Drug Addiction

In order to fully understand the impact that drug addiction can have on families, we must look at what drug addiction is — and what it is not. According to the National Institute on Drug Abuse (NIDA), a government agency set up to inform and educate people about drug addiction, drug addiction is defined as “a chronic, often relapsing brain disease that causes compulsive drug seeking and use, despite harmful consequences to the addicted individual and to those around him or her.”

NIDA goes on to explain that the original use and abuse of any drug is by-and-large voluntary, however, once the addiction takes hold of an individual drug user, the addiction is not voluntary. It is not possible for a drug addict to simply stop taking the drugs upon which their bodies have become dependent. It is possible, however, for an addicted individual to stop taking drugs and control their addiction cravings. With the involvement of specialized treatment programs, it is possible for an addict to get and stay clean while living a full, happy and productive life.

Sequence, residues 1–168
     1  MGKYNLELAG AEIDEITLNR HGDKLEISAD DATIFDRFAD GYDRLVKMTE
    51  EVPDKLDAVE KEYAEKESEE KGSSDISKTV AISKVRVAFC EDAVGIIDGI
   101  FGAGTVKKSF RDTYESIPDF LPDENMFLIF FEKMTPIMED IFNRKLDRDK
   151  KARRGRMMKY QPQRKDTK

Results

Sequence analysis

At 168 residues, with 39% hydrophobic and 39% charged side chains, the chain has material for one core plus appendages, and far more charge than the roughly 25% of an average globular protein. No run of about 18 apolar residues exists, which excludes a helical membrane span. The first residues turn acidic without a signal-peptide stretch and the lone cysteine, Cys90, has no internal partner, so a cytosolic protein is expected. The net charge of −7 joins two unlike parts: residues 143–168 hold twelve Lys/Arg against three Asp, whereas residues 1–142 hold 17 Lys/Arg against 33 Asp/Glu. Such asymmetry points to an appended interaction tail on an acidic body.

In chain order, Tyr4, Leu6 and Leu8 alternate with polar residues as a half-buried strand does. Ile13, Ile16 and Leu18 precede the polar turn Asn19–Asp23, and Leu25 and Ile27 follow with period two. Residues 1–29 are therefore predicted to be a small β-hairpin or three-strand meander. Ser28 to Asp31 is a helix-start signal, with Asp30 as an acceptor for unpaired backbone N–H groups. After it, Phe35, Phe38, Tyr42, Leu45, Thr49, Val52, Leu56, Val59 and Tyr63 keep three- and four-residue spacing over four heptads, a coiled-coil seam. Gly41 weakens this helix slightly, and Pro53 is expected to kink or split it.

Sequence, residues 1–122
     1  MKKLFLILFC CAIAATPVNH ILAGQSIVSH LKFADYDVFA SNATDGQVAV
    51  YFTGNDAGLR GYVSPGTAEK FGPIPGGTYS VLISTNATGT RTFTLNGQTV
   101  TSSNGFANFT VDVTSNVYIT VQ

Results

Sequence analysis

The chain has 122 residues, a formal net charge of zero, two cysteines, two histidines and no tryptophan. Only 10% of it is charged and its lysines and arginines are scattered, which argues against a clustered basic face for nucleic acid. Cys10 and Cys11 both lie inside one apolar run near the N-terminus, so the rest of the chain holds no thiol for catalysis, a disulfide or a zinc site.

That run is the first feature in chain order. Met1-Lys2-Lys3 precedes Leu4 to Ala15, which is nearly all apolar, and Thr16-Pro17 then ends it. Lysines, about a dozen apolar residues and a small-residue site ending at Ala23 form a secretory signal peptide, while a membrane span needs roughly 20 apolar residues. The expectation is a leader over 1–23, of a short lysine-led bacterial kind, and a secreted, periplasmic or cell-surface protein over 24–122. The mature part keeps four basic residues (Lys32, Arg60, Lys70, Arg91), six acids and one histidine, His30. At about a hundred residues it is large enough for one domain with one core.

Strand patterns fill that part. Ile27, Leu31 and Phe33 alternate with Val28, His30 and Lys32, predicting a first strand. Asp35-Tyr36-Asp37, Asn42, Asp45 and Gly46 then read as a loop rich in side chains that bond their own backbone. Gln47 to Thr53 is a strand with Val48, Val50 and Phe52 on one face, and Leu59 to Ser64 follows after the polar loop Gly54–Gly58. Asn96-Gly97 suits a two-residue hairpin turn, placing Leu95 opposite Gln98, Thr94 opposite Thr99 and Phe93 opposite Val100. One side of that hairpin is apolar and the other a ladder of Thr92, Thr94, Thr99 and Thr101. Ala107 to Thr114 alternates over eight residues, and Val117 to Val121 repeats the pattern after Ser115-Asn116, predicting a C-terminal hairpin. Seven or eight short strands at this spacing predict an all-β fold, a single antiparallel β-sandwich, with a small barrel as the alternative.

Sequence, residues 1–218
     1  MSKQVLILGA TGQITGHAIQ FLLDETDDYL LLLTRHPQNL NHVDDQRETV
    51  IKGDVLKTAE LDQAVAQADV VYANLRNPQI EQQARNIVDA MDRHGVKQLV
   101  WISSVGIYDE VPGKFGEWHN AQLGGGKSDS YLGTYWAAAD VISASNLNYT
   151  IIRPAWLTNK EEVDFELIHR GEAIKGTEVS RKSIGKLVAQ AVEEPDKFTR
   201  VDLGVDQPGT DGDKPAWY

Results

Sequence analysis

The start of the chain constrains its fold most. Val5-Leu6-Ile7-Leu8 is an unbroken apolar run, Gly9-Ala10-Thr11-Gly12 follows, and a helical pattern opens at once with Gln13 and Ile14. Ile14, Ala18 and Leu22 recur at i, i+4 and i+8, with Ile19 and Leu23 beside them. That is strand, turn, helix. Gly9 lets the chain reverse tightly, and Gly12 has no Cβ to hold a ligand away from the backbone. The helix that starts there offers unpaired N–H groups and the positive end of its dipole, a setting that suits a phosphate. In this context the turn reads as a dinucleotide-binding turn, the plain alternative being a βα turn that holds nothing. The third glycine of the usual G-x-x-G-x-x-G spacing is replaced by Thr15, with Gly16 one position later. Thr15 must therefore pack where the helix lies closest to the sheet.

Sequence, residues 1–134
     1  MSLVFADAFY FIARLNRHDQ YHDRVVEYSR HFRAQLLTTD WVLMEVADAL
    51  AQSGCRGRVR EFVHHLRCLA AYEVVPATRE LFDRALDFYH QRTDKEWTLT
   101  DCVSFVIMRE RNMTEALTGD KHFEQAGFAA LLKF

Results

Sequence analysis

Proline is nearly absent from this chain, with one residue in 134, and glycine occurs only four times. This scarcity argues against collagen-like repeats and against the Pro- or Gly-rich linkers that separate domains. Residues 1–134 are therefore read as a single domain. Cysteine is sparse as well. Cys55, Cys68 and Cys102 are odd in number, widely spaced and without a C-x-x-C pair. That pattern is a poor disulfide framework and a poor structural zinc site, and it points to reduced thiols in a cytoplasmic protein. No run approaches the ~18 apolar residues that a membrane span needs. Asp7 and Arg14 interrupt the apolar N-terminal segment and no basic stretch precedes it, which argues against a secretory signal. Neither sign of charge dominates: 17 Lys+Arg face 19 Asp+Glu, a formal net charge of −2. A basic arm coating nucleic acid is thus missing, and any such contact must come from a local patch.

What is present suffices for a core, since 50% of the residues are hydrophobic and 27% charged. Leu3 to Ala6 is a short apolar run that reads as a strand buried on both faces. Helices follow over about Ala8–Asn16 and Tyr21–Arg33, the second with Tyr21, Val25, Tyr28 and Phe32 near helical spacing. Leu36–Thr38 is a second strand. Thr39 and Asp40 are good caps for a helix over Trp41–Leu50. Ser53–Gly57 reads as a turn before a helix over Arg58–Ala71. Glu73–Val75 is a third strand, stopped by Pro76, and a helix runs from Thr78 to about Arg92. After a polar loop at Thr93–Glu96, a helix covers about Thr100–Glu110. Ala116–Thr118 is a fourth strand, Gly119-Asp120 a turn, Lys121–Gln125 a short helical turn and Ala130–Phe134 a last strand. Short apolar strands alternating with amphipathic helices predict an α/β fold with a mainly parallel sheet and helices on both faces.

Drug Addiction Articles

How Drug Addiction StartsHow, Why and When Do Individuals Use Drugs?

The age at which a person begins using drugs can vary greatly depending upon the individual’s circumstances, exposure to drugs and many other factors. There have been cases of children who have not yet reached their teens who are already addicted to illegal narcotics and “street” drugs like methamphetamine or cocaine. In other cases, methamphetamine has become a problem for middle-aged women with families. There is no set age at which a person may make the decision to turn to drugs. There is evidence, however, that the earlier a person chooses to engage in drug use, the more likely he or she is to suffer from addiction.

The reasons a person may choose to take drugs for the first time vary as much as the people who makes the decision. Peer pressure to fit in at school may be a factor, as well as the stress that comes from high-pressure careers. Some studies have shown that a great majority of those suffering from addiction have underlying mental health issues that facilitate the user’s desire to use drugs. When an individual suffers from an underlying condition as well, medical professionals refer to them as “dual diagnosis” patients. In order to successfully treat the addiction, the person must be treated for the underlying condition also.

Some of these underlying issues may include:

  • Mild of Severe Depression